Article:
America’s Childhood Obesity Epidemic Shows No Signs of Slowing, New Study Says

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According to new research published by The Obesity Society, rates of childhood obesity continue to increase in America, with over 4.5 million American children and adolescents meeting the criteria for severe obesity.

The study, which was published in “Obesity,” the scientific journal of The Obesity Society, examined data from 1999 to 2014 and highlighted the clear increase of child obesity through these years, with nearly 10 percent of adolescents meeting criteria for severe class II obesity (BMI between 35.0 and 39.9) and nearly 5 percent meeting criteria for class III or high-risk obesity (BMI equal to or greater than 40.0) in 2014.

The study also noted the particular prevalence of the problem amongst black and Hispanic children.

This upward trend of childhood obesity continues despite increased awareness of the problem in recent years. National Childhood Obesity Month has been observed in the United States since 2010, and First Lady Michelle Obama’s efforts to highlight the importance of healthy foods over the course of the past eight years have not gone unnoticed. These efforts have include tackling junk food ads in schools, planting the White House kitchen garden, and overhauling the nation's school cafeteria offerings.

The pervasiveness of this problem makes it imperative to continue to raise awareness, lead researcher Asheley Skinner, PhD, of the Duke Clinical Research Institute, explains.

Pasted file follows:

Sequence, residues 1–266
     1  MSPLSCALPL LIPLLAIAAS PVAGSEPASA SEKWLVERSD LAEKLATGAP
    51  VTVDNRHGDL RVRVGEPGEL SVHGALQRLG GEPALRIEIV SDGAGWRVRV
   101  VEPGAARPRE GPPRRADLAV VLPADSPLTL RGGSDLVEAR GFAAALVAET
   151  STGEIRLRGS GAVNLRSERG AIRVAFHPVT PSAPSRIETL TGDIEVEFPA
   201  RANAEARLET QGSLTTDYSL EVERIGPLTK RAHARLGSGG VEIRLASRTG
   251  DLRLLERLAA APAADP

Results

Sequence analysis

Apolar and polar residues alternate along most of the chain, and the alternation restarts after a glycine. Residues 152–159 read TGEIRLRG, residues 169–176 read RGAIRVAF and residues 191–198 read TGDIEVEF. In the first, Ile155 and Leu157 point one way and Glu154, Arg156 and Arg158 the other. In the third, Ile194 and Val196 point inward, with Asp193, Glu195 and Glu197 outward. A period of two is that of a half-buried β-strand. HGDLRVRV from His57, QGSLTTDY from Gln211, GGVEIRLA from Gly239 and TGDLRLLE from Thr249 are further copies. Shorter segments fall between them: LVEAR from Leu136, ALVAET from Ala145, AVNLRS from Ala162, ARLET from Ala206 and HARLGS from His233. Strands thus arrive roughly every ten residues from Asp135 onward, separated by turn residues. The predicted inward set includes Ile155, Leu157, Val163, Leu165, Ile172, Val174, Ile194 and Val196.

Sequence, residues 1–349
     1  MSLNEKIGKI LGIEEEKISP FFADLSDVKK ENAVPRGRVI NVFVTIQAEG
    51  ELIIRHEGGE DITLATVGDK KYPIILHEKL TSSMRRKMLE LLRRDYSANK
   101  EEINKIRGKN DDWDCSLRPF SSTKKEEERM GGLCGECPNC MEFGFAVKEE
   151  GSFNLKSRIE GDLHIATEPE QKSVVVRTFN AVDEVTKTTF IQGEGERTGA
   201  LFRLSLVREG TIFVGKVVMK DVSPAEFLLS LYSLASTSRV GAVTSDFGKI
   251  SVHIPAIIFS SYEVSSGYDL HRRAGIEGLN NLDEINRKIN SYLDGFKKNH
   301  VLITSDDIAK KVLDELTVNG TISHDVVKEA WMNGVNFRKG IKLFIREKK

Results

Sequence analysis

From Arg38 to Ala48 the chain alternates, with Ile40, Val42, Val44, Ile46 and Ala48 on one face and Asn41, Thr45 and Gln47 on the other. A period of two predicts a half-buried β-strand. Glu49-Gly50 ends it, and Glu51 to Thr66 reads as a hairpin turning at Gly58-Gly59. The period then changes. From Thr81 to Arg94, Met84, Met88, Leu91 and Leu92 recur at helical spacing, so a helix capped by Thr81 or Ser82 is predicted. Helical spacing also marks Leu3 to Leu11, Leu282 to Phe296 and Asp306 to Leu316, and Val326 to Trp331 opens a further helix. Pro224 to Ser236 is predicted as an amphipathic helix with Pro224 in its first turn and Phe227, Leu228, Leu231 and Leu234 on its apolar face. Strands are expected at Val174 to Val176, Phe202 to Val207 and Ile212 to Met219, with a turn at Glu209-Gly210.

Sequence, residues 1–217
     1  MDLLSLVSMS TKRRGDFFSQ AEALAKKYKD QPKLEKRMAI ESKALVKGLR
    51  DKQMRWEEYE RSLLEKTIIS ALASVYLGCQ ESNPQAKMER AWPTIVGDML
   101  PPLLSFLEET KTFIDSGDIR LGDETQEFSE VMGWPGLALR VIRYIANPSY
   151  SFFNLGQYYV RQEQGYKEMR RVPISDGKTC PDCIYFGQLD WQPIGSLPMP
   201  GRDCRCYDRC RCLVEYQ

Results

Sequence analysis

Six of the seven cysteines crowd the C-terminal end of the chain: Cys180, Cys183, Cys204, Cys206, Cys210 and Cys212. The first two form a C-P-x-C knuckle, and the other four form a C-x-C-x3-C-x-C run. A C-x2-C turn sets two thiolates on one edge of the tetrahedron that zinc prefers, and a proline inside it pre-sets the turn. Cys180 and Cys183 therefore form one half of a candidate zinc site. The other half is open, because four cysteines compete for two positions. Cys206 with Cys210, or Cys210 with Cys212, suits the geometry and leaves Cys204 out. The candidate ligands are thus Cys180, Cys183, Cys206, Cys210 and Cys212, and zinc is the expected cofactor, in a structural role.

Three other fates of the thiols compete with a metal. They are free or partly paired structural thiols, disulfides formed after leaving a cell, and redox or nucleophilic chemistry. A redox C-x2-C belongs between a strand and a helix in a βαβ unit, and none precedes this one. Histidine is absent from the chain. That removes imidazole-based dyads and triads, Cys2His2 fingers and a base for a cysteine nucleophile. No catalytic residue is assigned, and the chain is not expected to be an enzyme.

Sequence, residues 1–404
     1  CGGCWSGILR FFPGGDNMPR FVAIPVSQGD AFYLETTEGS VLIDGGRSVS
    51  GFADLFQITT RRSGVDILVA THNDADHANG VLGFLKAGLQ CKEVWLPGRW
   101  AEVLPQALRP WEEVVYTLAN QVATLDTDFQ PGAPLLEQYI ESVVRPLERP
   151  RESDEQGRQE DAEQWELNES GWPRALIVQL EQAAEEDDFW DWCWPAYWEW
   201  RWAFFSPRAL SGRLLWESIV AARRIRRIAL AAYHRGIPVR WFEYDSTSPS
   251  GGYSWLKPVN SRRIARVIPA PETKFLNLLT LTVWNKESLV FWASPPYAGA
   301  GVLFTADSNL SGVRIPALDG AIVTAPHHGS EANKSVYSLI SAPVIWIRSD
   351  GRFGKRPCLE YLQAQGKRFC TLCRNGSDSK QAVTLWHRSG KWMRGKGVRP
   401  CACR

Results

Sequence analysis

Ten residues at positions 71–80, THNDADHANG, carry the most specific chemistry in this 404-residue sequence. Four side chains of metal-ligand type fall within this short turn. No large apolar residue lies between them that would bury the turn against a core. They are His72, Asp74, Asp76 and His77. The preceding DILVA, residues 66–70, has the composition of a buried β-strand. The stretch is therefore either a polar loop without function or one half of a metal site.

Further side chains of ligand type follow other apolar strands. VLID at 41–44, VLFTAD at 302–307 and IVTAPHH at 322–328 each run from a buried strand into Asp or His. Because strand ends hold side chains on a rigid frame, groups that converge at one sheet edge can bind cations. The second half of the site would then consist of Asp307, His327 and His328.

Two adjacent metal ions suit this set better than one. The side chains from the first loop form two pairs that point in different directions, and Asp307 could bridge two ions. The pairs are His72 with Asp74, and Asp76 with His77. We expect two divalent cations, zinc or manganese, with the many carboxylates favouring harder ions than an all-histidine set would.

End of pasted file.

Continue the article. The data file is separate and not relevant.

"We need to expand interventions that have shown success on local levels, and also look for completely new treatment approaches," she says. "Addressing obesity in children is going to require a true population health approach, combining efforts at individual, healthcare, community and policy levels."

Dr. Willaim Dietz, MD, PhD, Director and Chair of the Sumner M. Redstone Global Center for Prevention and Wellness at Milken Institute School of Public Health at the George Washington University commented on the study, noting that lack of action regarding these findings could lead to an increased adult obesity epidemic.

"Children with severe obesity become adults with severe obesity," he said. "My analyses suggest that every primary care provider is likely to have approximately 50 patients with severe obesity in his or her practice. That is an overwhelming number for primary care providers, most of whom are poorly prepared to treat obesity."

Obesity has been linked to a number of health problems including increased risk for type 2 diabetes, heart disease, stroke, some cancers, high blood pressure, and breathing trouble.

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Junk food image via Shutterstock

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